Way back in the "olden days," before everyone had smart phones, tablets, or even PCs, I was told that I should keep a food diary. So, for a few days, I would write down everything I ate hoping to get some insights into what I was doing that was causing me to gain weight. On paper (literally) it didn't look like I was doing anything horrible. There were two problems. The first was that I wasn't really writing down all the food I was consuming. The second, and more difficult problem for me to overcome was that I just didn't have enough data about the nutritional value of what was going into my mouth. All that changed when I got what, at the time, was a cutting-edge app and had access to the USDA database of foods along with access to "nutrition" information from select companies via their web sites.
I was in the San Diego airport, on my way to San Francisco for work, when I stopped in at the Starbucks and got my usual "morning snack"--a Chocolate Muffin and a grande soy mocha without whipped cream. While I sat in the departure lounge, waiting for my flight, I decided to enter the data from my breakfast and my snack into that new app that I had downloaded. I went through all the foods in my morning smoothie, creating a meal so that I could easily add the smoothie again the next day (yes, like most people, I'm a creature of habit when it comes to breakfast.) Then, I went to enter my Starbucks snack. There wasn't any data in the app for Starbucks, so I used my WiFi access to visit their website. I looked up the nutrition information for the muffin and the soy mocha and I was given a rude awakening. Together, the snack that I finished in fewer than 10 minutes had over 1200 calories! Holy Shiznit! That little snack accounted for almost 2/3 of what I was supposed to eat for the whole day! No wonder I was overweight!
From that moment forward, I made the commitment to keep track of everything I ate so that I was sure I'd have the data I needed to keep me losing weight. For the next year, I logged foods eaten and calories burned from exercise. I made certain that I had enough calories remaining before I ate something, sometimes going to the gym or for a run just so I could have a sweet treat at the end of the day. And, guess what...It worked. In that year, I made sure that each and every day I had at least a 900 calorie deficit (from eating less and from working out more) and the results were phenomenal.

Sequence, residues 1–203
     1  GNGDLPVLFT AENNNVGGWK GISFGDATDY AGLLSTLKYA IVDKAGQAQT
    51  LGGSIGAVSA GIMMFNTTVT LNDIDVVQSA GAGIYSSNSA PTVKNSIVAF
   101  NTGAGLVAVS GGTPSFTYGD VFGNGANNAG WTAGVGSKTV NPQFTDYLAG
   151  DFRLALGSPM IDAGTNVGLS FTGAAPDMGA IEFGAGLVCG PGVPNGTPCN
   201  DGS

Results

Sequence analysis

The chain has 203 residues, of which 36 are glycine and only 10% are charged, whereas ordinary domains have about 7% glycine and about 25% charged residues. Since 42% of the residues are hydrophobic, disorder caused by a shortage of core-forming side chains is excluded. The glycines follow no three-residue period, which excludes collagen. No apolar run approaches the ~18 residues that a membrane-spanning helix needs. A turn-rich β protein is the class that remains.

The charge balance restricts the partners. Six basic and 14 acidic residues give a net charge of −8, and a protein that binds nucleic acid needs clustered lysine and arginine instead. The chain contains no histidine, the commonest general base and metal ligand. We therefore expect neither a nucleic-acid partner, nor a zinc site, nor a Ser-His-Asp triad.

Of course, times change and technologies move forward. The app that I had been using stopped being updated and I moved to a new platform that wasn't supported. So, I set out to find a replacement. Nothing that I found was quite right or as easy to use as that old app. And so, I stopped logging the food I was eating. At first it was OK. But little by little, I started to gain weight again. It became clear to me that in all of that year that I had been using an app to keep me on the path that I had actually neglected to look at the path itself. I had learned how to count calories, but I hadn't learned how to listen to my body so I could discern actual hunger versus desire for tasty food.
In order to get a grip on this area of my life, I decided that I had to take a two-pronged approach. First, I had to go back to counting calories. Second, this time I had to pay attention to what my body was telling me as opposed to what my mind was telling me. The first approach was easy. There are tons of apps on the market for Android, iOS and Windows mobile devices as well as computer and web based programs. Probably the easiest and most useful of those is MyFitnessPal.com which has programs to cover all platforms as well as a website for data entry. Basic functionality is free, and a premium version is available but in my opinion, doesn't really add enough features to be useful for most people.
The second approach was a bit more difficult, and this is also where I see my clients struggle at first. Most people who are overweight aren't eating because they're physically hungry. Their bodies aren't saying "I need more nutrients to fuel cellular energy and regeneration." Rather, the food gets consumed due to emotional and mental hunger. The problem is that emotional and mental hunger is never satiated by food. In fact, emotional and mental hunger is usually increased by eating food. The way to quell emotional and mental hunger is by emotional wellness, mental engagement and physical activity. At Proactive Evolution, emotional wellness, mental engagement and what we call "strenuous play" are the center point of our success with achieving physical well being. And really, this is the best diet tracker of the year: By recognizing, tracking and resolving the challenges that create emotional and mental hunger, you'll be able to employ effective strategies to lose weight and change your life for the better. If you're struggling with your weight, we can help. Click on over to the Contact page and get a free consultation to see how you can use the power of Proactive Evolution health coaching and personal training to finally reach your fitness goals. Whether you're local to us in Encinitas, CA or you're half-way around the world and can use Google Hangouts or Skype, we've got you covered.